- Women who had been breastfed during infancy were at increased risk for adulthood colorectal cancer, colorectal polyps, and appendicitis, suggesting possible long-term effects of infant feeding practices on the gastrointestinal tract.
Why this matters
- Breastfed infants are known to have many short-term benefits compared with bottle-fed infants in terms of lower risks for infection and obesity in infancy and childhood, and some evidence suggested reduced long-term risk for obesity and diabetes in adulthood.
- However, evidence on its long-term effect on the risk for adult cancers is limited.
- This large prospective study compared the incidence of 8 common cancers in 548,741 women without prior cancer who were (n=395,363) and were not breastfed during infancy (n=153,378).
- Funding: Medical Research Council and Cancer Research UK.
- During 9.8 million person-years (12.7 years per woman) of follow-up, 57,998 incident cancers were reported across 8 most common cancer sites.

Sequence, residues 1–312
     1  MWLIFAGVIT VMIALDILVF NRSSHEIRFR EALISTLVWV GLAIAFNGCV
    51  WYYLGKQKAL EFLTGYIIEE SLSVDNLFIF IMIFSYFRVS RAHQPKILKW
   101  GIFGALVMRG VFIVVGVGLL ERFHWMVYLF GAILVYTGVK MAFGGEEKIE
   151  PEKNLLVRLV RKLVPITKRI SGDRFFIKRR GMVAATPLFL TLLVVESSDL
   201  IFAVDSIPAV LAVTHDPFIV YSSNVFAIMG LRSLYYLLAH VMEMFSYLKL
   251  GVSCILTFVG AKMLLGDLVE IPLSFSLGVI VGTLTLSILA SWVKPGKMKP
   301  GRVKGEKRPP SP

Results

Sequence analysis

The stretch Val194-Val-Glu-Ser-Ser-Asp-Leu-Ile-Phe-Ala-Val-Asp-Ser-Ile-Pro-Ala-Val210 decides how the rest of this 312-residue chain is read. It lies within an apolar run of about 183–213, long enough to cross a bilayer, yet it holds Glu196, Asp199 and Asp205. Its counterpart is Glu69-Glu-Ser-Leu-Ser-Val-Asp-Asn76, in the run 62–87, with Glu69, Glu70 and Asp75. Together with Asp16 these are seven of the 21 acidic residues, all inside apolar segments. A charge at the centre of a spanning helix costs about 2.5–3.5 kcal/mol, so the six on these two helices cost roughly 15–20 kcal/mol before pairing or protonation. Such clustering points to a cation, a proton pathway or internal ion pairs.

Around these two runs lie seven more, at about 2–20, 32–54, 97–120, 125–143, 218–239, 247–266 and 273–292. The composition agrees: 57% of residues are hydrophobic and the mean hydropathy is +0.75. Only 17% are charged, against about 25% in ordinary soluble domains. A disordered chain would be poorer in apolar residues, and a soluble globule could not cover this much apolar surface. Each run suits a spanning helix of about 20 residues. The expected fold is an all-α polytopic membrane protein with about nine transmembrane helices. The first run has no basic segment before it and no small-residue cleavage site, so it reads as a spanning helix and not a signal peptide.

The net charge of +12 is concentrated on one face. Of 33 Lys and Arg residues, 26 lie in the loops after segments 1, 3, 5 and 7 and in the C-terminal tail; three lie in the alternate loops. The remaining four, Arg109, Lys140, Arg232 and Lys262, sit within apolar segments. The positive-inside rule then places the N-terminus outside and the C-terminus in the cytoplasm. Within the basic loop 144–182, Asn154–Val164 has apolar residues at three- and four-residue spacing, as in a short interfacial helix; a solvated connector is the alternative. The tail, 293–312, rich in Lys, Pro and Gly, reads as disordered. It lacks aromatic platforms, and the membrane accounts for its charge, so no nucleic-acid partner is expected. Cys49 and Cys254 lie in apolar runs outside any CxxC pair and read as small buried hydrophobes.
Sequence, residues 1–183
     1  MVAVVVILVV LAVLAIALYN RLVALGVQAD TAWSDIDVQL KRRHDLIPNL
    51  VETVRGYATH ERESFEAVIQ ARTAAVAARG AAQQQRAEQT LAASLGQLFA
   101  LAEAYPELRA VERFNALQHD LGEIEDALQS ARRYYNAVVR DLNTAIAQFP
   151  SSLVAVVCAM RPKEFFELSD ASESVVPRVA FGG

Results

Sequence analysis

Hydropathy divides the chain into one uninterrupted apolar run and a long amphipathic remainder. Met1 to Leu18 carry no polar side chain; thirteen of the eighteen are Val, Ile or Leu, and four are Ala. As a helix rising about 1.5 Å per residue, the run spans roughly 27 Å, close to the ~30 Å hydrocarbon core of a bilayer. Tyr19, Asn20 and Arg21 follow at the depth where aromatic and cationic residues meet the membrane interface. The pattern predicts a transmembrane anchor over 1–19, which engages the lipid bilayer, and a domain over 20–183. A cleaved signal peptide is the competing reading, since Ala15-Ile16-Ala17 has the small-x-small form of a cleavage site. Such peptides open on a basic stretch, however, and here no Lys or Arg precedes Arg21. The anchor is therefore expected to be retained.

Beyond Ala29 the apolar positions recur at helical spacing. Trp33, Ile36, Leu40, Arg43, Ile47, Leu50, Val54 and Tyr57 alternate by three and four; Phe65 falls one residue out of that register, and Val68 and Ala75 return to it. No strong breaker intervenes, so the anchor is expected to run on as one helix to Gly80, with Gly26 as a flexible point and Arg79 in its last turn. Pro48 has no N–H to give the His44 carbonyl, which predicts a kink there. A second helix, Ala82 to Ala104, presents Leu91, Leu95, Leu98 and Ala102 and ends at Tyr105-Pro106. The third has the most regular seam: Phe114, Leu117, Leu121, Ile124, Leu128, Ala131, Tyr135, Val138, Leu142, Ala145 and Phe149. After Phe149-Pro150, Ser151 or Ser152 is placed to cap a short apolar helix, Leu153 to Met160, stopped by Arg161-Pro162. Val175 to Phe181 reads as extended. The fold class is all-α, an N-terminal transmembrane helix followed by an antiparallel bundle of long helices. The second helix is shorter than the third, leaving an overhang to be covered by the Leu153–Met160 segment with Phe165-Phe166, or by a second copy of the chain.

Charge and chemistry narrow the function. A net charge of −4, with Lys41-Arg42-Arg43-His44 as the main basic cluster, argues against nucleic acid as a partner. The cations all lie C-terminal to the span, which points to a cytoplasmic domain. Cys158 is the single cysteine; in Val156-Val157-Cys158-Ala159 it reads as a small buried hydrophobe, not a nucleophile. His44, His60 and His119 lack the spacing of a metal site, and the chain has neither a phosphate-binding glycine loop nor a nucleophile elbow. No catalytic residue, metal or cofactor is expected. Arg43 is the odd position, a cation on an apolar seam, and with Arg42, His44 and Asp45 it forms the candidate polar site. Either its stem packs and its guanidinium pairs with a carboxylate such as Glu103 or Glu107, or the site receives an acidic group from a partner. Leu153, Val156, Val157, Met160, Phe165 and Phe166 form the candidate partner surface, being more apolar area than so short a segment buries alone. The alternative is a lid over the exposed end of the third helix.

- Women who had been breastfed vs not had a significantly higher risk for colorectal cancer (adjusted relative risk, 1.18; 95% CI, 1.12-1.24) but not for other 7 cancers.
- Compared with women who had not been breastfed, those who had been breastfed were more likely to have benign colorectal polyps (RR, 1.09; 95% CI, 1.05-1.13; P<.0000001 and appendicitis ci p=".0008)" but less likely to have inflammatory bowel disease>
- Risk of confounding.
- Results cannot be generalised to younger ages or extrapolated to lifetime cancer risks.